(A) A monofunctional uracil-DNA glycosylase, UNG, generates the AP site, which is cleaved by exonuclease III (XthA), the major AP endonuclease, to generate a single-stranded nick with a 5′-deoxyribosephosphate group. This group is removed by DNA polymerase I through strand-displacement DNA synthesis coupled with a flap-structure endonuclease activity. (B) When bifunctional thymine glycol-DNA glycosylase Nth excises an oxidized base, it concomitantly performs β-elimination to generate a single-stranded nick with a 3′-α,β-unsaturated aldehyde. Xth removes the 3′-blocking group, generating a single nucleotide gap with a 3′-OH group that primes DNA repair synthesis by DNA polymerase I. Finally, the single-strand nick is sealed by DNA ligase to restore genetic integrity.

Citation: Couvé S, Ishchenko A, Fedorova O, Ramanculov E, Laval J, Saparbaev M. 2013. Direct DNA Lesion Reversal and Excision Repair in , EcoSal Plus 2013; doi:10.1128/ecosalplus.7.2.4
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Figure 3

(A) Fpg–8oxoG-DNA interactions (adapted from reference 233 ). (B) T4 endonuclease V–thymine dimer-DNA interactions (adapted from reference 237 ). (C) Endonuclease IV–AP site-DNA interactions (adapted from reference 238 ). (D) Endonuclease V–hypoxanthine-DNA interactions (adapted from reference 239 ).

Citation: Couvé S, Ishchenko A, Fedorova O, Ramanculov E, Laval J, Saparbaev M. 2013. Direct DNA Lesion Reversal and Excision Repair in , EcoSal Plus 2013; doi:10.1128/ecosalplus.7.2.4
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Figure 4

First, solution studies suggest that two monomers of UvrA (A) form a dimer in an ATP-dependent manner with four potential ATP-binding sites that may hydrolyze ATP and GTP. Then two UvrB (B) molecules bind to this UvrA dimer (for clarity, only one UvrB subunit is shown), and UvrAB interacts with DNA through the DNA-binding properties of UvrA. The cryptic ATP-binding site on UvrB becomes activated during the formation of the UvrAB complex responsible for damage search and recognition along DNA. Different models for the mechanism of damage recognition are proposed: the helicase-scanning model ( 349 , 350 , 351 ), the damage-processing model ( 352 ), and the padlock model ( 353 ). This complex binds to and wraps the DNA around one of the UvrB subunits and then waits for the arrival of the UvrC protein, responsible for both the 3′ and 5′ incision reactions of the damaged strand. After incision, UvrC dissociates, and UvrD (DNA helicase II), in concerted action with DNA polymerase I, releases the lesion-containing 12-base oligonucleotide, as well as the bound Uvr proteins. The resulting gap is filled in by DNA polymerase I, while the nick is sealed by DNA ligase.

Citation: Couvé S, Ishchenko A, Fedorova O, Ramanculov E, Laval J, Saparbaev M. 2013. Direct DNA Lesion Reversal and Excision Repair in , EcoSal Plus 2013; doi:10.1128/ecosalplus.7.2.4
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Figure 5

(A) Schematic illustration of the nucleotide incision repair (NIR) pathway for oxidative DNA base damage in . Nfo cleaves the phosphodiester bond 5′ to the lesion (DHU, 5,6-dihydrouracil) generated from oxidation of cytosine. Following the incision of DHU-containing DNA, DNA polymerase I initiates DNA repair synthesis coupled to removal of the remaining dangling DHU base. Finally, DNA ligase seals the single-strand nick and restores duplex integrity. (B) Endonuclease V-dependent repair is initiated by cleavage at the second phosphodiester bond 3′ to the lesion (Hx, hypoxanthine) generated from deamination of adenine. After Nfi-catalyzed cleavage, DNA polymerase I removes deoxyinosine and deoxyadenosine residues by its 3′-5′ exonuclease activity and then it fills in the gap, while DNA ligase seals the phosphodiester backbone.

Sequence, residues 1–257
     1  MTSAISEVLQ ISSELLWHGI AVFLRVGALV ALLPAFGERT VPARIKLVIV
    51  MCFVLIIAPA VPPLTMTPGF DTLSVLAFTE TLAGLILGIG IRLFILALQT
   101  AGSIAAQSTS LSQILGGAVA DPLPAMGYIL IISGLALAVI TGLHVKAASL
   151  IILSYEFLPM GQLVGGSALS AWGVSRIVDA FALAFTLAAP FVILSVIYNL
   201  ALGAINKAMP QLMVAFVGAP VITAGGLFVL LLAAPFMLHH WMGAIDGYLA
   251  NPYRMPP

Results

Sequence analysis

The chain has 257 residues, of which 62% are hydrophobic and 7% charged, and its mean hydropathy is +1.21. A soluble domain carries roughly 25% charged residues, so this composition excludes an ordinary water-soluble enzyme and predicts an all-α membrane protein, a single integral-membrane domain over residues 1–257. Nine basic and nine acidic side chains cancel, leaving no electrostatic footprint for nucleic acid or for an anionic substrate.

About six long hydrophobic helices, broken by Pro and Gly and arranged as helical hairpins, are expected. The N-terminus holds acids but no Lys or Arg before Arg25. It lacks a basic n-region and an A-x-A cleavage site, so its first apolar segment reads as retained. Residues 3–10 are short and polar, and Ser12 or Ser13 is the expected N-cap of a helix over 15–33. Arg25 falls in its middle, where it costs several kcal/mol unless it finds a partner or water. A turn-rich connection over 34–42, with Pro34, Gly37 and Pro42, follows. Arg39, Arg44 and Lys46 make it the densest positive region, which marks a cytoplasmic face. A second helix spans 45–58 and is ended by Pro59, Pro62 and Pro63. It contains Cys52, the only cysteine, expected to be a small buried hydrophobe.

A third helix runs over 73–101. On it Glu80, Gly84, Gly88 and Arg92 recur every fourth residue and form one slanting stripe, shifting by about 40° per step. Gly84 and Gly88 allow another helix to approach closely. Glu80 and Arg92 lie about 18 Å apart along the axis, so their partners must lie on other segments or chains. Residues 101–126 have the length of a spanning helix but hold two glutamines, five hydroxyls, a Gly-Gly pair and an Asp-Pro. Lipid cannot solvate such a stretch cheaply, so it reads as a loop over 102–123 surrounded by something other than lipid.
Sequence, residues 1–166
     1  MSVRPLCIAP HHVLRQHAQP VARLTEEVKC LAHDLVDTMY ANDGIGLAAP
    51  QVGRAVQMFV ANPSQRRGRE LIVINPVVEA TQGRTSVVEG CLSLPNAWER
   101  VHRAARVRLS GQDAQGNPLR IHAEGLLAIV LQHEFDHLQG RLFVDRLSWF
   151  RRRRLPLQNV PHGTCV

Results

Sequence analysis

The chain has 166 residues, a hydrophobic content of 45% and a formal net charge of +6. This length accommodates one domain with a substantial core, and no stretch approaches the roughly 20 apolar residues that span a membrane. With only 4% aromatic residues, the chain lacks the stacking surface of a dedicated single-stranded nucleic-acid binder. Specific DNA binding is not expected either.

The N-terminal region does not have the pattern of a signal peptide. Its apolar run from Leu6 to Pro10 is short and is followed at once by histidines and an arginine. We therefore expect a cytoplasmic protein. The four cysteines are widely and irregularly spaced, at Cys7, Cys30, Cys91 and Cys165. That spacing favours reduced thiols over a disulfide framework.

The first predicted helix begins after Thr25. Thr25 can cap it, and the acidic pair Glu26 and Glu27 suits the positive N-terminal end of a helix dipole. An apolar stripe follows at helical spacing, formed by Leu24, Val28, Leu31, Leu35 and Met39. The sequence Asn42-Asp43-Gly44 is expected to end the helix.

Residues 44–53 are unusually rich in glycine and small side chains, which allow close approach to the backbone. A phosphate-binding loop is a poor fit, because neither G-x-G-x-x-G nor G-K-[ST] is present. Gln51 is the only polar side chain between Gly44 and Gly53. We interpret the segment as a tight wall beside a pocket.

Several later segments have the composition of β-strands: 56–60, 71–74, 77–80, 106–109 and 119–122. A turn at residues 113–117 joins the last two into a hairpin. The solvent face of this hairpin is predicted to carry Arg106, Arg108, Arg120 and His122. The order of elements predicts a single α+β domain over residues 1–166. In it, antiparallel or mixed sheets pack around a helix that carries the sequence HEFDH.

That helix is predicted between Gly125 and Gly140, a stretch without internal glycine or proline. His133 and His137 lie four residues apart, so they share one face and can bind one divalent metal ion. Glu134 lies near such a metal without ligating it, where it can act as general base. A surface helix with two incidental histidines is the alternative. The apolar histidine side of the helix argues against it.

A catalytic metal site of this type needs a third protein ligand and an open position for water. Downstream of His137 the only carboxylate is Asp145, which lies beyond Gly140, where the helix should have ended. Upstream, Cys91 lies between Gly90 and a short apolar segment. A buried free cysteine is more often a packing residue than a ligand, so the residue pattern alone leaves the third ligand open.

Citation: Couvé S, Ishchenko A, Fedorova O, Ramanculov E, Laval J, Saparbaev M. 2013. Direct DNA Lesion Reversal and Excision Repair in , EcoSal Plus 2013; doi:10.1128/ecosalplus.7.2.4
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Figure 6

The Ada protein is represented in a dumbbell-shape structure to show N-terminal and C-terminal domains containing active cysteine residues (see the text for details). The Ada regulon contains the gene and also , , and genes shown as boxes. DNA is alkylated at the phosphate linkages (P-O-CH) and position of guanine (G-O-CH). The Ada protein demethylates Sp diastereoisomers of methylphosphotriesters in the sugar phosphate backbone by transferring the methyl groups to the N-terminal cysteine (Cys-38) and methylated bases by transferring the methyl groups to the C-terminal cysteine (Cys-321). The alkylation of Cys-38 converts Ada protein to a transcriptional activator that binds to the promoters of the Ada regulon, leading in enhanced transcription. The increased levels of Ada, AlkA, AlkB, and AidB proteins promote enhanced repair of alkylation damage in DNA (adapted from reference 470 ).

Citation: Couvé S, Ishchenko A, Fedorova O, Ramanculov E, Laval J, Saparbaev M. 2013. Direct DNA Lesion Reversal and Excision Repair in , EcoSal Plus 2013; doi:10.1128/ecosalplus.7.2.4
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Table 1

genes involved in DNA repair

Citation: Couvé S, Ishchenko A, Fedorova O, Ramanculov E, Laval J, Saparbaev M. 2013. Direct DNA Lesion Reversal and Excision Repair in , EcoSal Plus 2013; doi:10.1128/ecosalplus.7.2.4